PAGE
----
STANFORD -- Defensive end Henry Anderson has been around Stanford long enough to remember when training camp was all about how the Cardinal planned to replace running back Toby Gerhart.
A year later, Anderson heard the same chatter about Jim Harbaugh's absence.
Then Andrew Luck's.
Then Zach Ertz's ...
"No matter who the player is we need to replace, we have capable guys," Anderson, a fifth-year senior, said Monday after Stanford's first practice of the season.
"It's not like we're throwing guys out there who aren't ready to play. There's no doubt in my mind the defense can be better than last year and the team can be better than last year."
For that to be the case -- for Stanford to not only win the Pac-12 but also reach the inaugural College Football Playoff -- the Cardinal must successfully replace a bevy of all-conference talents on offense and defense, including linebackers Trent Murphy and Shayne Skov.
Time is running short for a process that began in January. The season opener against UC Davis is Aug. 30. Then comes the Week 2 showdown with USC.
"The guys take a lot of pride in not having a drop-off," coach David Shaw said.
But Shaw's response to a question about the pass rush -- "It's Day 1 without pads on; it is what it is" -- could be applied to every facet of the team.
Here are four issues the Cardinal must resolve during camp:
The offensive line -- the unit at the heart of the Cardinal's power running game -- returns just one starter, Andrus Peat, one of the top left tackles in the nation.
Spring practice provided significant clarity, with Joshua Garnett taking over at left guard and Kyle Murphy establishing himself at right tackle. In addition, Graham Shuler became the heavy favorite to start at center and Johnny Caspers at right guard.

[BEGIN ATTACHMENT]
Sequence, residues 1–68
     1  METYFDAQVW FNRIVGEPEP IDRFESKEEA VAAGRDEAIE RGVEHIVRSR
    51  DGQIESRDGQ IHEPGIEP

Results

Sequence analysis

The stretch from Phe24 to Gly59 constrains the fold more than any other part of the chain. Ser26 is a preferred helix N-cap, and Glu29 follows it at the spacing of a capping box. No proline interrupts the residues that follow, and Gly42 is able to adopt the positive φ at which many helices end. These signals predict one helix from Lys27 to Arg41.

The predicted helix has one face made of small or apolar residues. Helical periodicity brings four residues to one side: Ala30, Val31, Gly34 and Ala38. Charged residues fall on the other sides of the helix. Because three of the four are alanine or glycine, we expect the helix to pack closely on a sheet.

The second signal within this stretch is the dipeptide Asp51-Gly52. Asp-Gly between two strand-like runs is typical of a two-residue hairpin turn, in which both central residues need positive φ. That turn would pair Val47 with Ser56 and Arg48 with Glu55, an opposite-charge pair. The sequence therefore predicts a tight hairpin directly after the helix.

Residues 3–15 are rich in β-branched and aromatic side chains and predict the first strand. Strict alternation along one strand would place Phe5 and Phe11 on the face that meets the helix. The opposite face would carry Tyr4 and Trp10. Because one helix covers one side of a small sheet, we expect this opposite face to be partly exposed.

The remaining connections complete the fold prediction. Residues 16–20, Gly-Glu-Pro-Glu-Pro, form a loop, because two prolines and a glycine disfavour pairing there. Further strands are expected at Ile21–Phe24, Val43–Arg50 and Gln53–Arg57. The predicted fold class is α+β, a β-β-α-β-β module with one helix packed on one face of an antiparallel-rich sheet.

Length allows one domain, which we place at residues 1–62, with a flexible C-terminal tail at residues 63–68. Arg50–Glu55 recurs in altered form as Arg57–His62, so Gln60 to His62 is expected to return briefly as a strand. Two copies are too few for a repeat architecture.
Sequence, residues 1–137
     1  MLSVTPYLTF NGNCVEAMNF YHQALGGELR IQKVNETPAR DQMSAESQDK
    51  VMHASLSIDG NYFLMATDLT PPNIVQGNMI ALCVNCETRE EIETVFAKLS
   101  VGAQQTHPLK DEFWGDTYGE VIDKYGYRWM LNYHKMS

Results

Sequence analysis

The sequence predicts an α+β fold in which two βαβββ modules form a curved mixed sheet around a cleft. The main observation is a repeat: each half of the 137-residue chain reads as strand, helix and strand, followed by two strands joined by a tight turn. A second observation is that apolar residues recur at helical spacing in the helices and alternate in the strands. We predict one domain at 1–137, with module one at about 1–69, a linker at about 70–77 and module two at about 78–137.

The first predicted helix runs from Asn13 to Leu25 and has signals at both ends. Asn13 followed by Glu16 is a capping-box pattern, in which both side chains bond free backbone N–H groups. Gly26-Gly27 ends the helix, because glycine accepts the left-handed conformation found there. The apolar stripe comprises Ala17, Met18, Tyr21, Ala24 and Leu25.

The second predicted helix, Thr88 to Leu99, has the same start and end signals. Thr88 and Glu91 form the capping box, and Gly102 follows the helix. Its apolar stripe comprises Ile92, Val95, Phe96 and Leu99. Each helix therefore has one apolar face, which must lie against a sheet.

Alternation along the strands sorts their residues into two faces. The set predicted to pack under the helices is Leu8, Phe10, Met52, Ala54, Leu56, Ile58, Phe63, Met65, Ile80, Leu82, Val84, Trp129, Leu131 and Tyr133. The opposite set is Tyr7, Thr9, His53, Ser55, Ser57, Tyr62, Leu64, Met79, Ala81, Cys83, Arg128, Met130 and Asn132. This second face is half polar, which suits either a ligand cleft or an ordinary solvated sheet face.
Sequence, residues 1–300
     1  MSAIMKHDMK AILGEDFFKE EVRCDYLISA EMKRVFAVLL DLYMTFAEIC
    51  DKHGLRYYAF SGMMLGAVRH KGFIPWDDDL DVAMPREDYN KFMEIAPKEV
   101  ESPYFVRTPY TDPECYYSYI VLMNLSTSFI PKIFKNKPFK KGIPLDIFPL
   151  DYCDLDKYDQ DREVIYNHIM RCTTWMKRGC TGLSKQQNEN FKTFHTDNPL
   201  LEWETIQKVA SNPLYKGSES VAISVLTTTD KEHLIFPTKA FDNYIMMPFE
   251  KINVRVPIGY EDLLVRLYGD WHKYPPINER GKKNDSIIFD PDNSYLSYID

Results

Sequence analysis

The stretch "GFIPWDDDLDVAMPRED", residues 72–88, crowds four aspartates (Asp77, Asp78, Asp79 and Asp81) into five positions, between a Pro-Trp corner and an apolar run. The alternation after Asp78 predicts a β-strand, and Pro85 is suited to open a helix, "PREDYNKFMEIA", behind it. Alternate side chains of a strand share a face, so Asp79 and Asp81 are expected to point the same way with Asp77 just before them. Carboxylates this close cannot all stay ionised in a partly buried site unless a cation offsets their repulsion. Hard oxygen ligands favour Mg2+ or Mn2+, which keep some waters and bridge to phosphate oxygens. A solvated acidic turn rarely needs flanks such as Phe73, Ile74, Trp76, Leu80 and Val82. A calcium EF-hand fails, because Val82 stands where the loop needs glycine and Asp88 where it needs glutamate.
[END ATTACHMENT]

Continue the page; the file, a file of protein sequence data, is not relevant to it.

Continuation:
Shaw believes this is the most talented line of his coaching tenure, but cohesion is critical up front. How long will it take four first-time starters to coalesce into a unit that functions as one?
The deadline is Sept. 6, when USC All-American Leonard Williams pays a visit.
Tyler Gaffney accounted for 59 percent of Stanford's rushing yards and 70 percent of its rushing touchdowns last season.
The considerable void left by his departure creates an opportunity for the four veteran tailbacks left behind: Kelsey Young, Barry Sanders, Ricky Seale and Remound Wright.
Wright, the most experienced member of the quartet with a whopping 20 carries last fall, was suspended for the second half of spring practice and lost ground relative to his competitors.
The best bet: Stanford starts 2014 just as it started 2013, with a tailback-by-committee approach. Remember, Gaffney didn't take control of the position until October, and that turned out OK.
"If one guy gets more of the lion's share, that means he's earned it, and that will be great," Shaw said.
Stanford not only lost four all-conference defensive players in Skov, Trent Murphy, Ben Gardner and Ed Reynolds but also four immensely respected voices in the locker room.
Safety Jordan Richards and inside linebacker A.J. Tarpley possess the experience and personality to fill the vacuum left by Skov and Co., and both began to assume the role in the offseason. Who else will step forward? And how quickly?
"We caution them: 'Don't try to be Shayne Skov, don't try to be somebody else,' " Shaw said. "Lead with your own personality."
The Cardinal was so thin on the defensive line midway through last season that it brought in reinforcements in the form of outside linebacker Blake Lueders and tight end Luke Kaumatule.
The departures of Gardner and Josh Mauro have left Stanford searching for options once again.
Anderson is one of the top ends in the Pac-12, and David Parry emerged last season as a force in the middle. But help is needed at the other end and throughout the second unit.
The options include Lueders, Kaumatule, Aziz Shittu, Ikenna Nwafor, Jordan Watkins and possibly true freshman Solomon Thomas.
For more on college sports, see Jon Wilner's College Hotline at blogs.mercurynews.com/collegesports.